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J Bone Miner Res. 2010 Sep;25(9):1907-21. doi: 10.1002/jbmr.89.

Function of OPG as a traffic regulator for RANKL is crucial for controlled osteoclastogenesis.

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1
Department of Pharmacy, The University of Tokyo Hospital, Faculty of Medicine, The University of Tokyo, Tokyo, Japan.

Abstract

The amount of the receptor activator of NF-κB ligand (RANKL) on the osteoblastic cell surface is considered to determine the magnitude of the signal input to osteoclast precursors and the degree of osteoclastogenesis. Previously, we have shown that RANKL is localized predominantly in lysosomal organelles, but little is found on the osteoblastic cell surface, and consequently, the regulated subcellular trafficking of RANKL in osteoblastic cells is important for controlled osteoclastogenesis. Here we have examined the involvement of osteoprotegerin (OPG), which is currently recognized as a decoy receptor for RANKL, in the regulation of RANKL behavior. It was suggested that OPG already makes a complex with RANKL in the Golgi apparatus and that the complex formation is necessary for RANKL sorting to the secretory lysosomes. It was also shown that each structural domain of OPG is indispensable for exerting OPG function as a traffic regulator. In particular, the latter domains of OPG, whose physiologic functions have been unclear, were indicated to sort RANKL molecules to lysosomes from the Golgi apparatus. In addition, the overexpression of RANK-OPG chimeric protein, which retained OPG function as a decoy receptor but lost the function as a traffic regulator, inhibited endogenous OPG function as a traffic regulator selectively in osteoblastic cells and resulted in the upregulation of osteoclastogenic ability despite the increased number of decoy receptor molecules. Conclusively, OPG function as a traffic regulator for RANKL is crucial for regulating osteoclastogenesis at least as well as that as a decoy receptor.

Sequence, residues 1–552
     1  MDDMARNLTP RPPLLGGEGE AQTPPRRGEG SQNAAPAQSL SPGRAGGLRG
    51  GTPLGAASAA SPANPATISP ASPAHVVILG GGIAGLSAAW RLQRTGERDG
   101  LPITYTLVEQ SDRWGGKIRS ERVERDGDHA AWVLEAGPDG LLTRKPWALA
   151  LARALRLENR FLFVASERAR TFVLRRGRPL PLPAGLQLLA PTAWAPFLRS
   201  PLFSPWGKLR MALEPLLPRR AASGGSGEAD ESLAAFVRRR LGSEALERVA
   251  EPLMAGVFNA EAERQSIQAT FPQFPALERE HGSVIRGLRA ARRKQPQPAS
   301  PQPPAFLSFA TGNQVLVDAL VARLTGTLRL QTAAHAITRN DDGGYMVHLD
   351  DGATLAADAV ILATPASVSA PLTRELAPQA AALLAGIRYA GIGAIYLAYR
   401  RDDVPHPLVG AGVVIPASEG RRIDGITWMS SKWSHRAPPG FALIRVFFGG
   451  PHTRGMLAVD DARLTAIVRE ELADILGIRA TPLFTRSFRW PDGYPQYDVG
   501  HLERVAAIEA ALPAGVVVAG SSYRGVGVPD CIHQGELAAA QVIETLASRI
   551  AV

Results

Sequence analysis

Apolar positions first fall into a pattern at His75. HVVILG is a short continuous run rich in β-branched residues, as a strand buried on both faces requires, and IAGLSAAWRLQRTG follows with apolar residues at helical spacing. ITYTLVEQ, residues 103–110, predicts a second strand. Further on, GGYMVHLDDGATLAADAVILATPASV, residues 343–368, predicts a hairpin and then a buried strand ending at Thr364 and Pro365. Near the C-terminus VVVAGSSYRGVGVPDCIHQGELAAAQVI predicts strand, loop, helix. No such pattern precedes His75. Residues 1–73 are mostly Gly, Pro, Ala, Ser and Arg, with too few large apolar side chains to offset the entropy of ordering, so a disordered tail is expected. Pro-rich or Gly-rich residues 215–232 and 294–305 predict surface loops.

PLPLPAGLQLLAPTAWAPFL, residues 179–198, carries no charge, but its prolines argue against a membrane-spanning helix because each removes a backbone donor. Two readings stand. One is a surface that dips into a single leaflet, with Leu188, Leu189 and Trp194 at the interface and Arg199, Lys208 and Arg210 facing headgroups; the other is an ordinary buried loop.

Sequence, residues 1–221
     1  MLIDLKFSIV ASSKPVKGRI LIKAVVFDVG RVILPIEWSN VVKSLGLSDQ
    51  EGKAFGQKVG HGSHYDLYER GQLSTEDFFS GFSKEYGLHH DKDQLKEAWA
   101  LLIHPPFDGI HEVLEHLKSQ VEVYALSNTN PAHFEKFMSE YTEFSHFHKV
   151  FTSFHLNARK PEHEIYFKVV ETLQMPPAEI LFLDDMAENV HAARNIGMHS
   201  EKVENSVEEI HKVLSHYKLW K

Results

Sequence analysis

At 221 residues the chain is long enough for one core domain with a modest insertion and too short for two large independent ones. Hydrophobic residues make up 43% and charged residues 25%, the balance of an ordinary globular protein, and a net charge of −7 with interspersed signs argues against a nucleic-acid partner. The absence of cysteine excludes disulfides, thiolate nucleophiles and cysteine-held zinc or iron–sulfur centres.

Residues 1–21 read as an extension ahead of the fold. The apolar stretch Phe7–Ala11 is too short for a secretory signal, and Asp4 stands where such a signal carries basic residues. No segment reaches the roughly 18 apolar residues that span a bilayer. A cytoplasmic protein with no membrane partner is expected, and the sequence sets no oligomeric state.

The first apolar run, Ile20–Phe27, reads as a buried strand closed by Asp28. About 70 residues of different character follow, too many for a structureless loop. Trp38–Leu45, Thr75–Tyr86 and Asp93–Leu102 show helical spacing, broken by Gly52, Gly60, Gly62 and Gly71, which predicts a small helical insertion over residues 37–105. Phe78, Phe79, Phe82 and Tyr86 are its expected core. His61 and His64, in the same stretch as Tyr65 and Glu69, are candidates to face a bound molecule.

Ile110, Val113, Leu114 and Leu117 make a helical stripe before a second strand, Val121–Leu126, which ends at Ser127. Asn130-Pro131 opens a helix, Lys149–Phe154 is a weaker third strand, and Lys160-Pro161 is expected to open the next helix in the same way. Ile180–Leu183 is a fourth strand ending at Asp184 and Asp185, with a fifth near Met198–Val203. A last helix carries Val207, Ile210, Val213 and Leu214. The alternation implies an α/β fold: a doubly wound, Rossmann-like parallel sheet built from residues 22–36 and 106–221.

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PMID:
20560139
DOI:
10.1002/jbmr.89
[Indexed for MEDLINE]
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